Applying Kierkegaard’s Philosophy to Peer Pressure

Soren Kierkegaard (1813 – 1855)

Kierkegaard’s Notion of the Self

Soren Kiegkegaard (1813 – 1855) has a great deal to teach university students about being themselves and, especially, resisting peer pressure. For Kierkegaard, every human being is meant “to be a self;”1 that is, to be spirit or a self-conscious, free and responsible person. 2

The Crowd in the Proper Sense

Of course, it is not wrong to belong to a group or worthwhile organization. In fact, psychologically speaking, the desire to belong is normal, because human beings, by nature, are social creatures, needing to connect with and by accepted by others. A group, then, is the answer to a human being’s natural need to belong to others.

Peer Pressure: The Crowd in the Improper Sense

However, when an individual within a group goes astray, even when the group itself goes astray, engaging in wrong kinds of behavior, then the “I,” the true self, must emerge, refusing to go along with the crowd.

For Kierkegaard, one of the important aims of being human, that is, a person, is “to be that self one truly is.”3 However, to go along with others when they are wrong, to succumb to the “weight” of being pressured by them, is to be untrue to oneself. The usual justification for giving in to peer pressure is “Everyone is doing it.” For example, “Everyone I know is a doing drugs; so why shouldn’t I?” Again, “Everyone close to me has lost his or her virginity; so why shouldn’t I?” Still again, “Everyone I hang around with is smoking; so why can’t I?” However, the Kierkegaardian response to such reasoning is

“‘I am not ‘everyone.’4 Rather, I am someone; that is to say, a particular, concrete, here-and-now, unique person. Therefore, do not expect me to conform to what everyone is doing.”

To Stand out from the Crowd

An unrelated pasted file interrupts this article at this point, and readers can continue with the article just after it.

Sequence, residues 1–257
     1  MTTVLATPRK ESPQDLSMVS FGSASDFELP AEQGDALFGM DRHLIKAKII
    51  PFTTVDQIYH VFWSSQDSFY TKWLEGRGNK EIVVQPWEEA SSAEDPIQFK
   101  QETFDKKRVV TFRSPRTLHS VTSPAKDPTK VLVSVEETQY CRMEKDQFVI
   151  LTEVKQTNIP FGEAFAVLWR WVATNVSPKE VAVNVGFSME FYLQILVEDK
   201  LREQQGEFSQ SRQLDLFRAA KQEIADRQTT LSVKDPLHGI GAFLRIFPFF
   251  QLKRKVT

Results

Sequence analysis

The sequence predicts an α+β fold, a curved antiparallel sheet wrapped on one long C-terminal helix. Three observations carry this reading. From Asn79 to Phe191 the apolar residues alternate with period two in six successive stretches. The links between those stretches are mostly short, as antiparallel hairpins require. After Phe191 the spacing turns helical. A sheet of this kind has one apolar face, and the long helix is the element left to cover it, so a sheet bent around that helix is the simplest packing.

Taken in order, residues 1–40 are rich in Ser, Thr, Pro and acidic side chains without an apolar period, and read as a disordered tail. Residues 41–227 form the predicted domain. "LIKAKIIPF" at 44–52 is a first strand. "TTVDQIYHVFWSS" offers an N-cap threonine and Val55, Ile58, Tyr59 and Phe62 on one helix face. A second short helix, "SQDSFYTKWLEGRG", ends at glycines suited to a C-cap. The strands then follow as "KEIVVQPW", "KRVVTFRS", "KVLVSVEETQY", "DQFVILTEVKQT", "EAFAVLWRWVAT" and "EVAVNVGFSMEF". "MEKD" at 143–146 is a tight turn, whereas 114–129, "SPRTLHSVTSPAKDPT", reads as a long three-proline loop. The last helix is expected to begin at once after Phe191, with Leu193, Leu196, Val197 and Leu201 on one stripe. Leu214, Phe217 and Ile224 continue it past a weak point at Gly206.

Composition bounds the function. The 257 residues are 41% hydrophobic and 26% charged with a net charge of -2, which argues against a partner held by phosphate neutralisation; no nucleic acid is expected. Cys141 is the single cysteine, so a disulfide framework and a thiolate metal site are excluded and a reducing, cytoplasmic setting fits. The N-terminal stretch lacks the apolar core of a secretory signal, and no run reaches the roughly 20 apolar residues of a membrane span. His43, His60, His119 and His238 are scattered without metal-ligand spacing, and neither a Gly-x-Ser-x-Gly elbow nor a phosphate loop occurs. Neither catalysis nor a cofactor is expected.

It takes, then, an authentic self to resist peer pressure. However, it is emotionally painful, because what a human being really wants and needs is to be accepted by others. That is why Kierkegaard laments,

“This I know and I also know what it has cost, what I have suffered, which [is] …: I was never like the others. Ah, of all the torments in youthful days, the most dreadful, the most intense: not to be like the others.”5

Therefore, a self needs — in the existential sense of the term — to exist (from the Latin existere), meaning to “stand out” or “stand forth.” To exist, then, as an authentic self, a person, is to be outstanding. That is why, sometimes, a human being is not meant to fit in with others but to stand out from them. In doing so, he or she becomes a true self, real person.


1. C. Stephen Evans, “Kierkegaard, Soren Aabye,” in Baker Encyclopedia of Psychology, ed. David G. Benner (Grand Rapids, MI.: Baker Book House, 1985), p. 622.

2. Ibid.

3. Soren Kierkegaard, The Sickness unto Death (Princeton, N.J.: Princeton University Press, 1941), p. 29. Italics are mine.

4. C. Stephen Evans, Faith Beyond Reason: A Kierkegaardian Account (Grand Rapids, MI.: William B. Eerdmans Publishing Company, 1998), p. 121.

5. Soren Kierkegaard, The Moment and Late Writings, ed. and trans. Howard V. Hong and Edna H. Hong (Princeton, N.J.: Princeton University Press, 1988), p. 344.



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